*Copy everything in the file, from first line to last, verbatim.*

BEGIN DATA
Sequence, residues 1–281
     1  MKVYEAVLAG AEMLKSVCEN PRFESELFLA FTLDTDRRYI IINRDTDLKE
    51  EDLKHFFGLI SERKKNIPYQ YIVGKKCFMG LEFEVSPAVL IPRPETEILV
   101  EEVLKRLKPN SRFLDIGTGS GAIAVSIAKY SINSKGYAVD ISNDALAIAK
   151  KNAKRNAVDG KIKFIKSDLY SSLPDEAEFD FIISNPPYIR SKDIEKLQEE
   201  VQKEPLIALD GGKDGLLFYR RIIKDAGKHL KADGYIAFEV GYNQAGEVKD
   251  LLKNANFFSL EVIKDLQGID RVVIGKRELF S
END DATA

Sequence, residues 1–281
     1  MKVYEAVLAG AEMLKSVCEN PRFESELFLA FTLDTDRRYI IINRDTDLKE
    51  EDLKHFFGLI SERKKNIPYQ YIVGKKCFMG LEFEVSPAVL IPRPETEILV
   101  EEVLKRLKPN SRFLDIGTGS GAIAVSIAKY SINSKGYAVD ISNDALAIAK
   151  KNAKRNAVDG KIKFIKSDLY SSLPDEAEFD FIISNPPYIR SKDIEKLQEE
   201  VQKEPLIALD GGKDGLLFYR RIIKDAGKHL KADGYIAFEV GYNQAGEVKD
   251  LLKNANFFSL EVIKDLQGID RVVIGKRELF S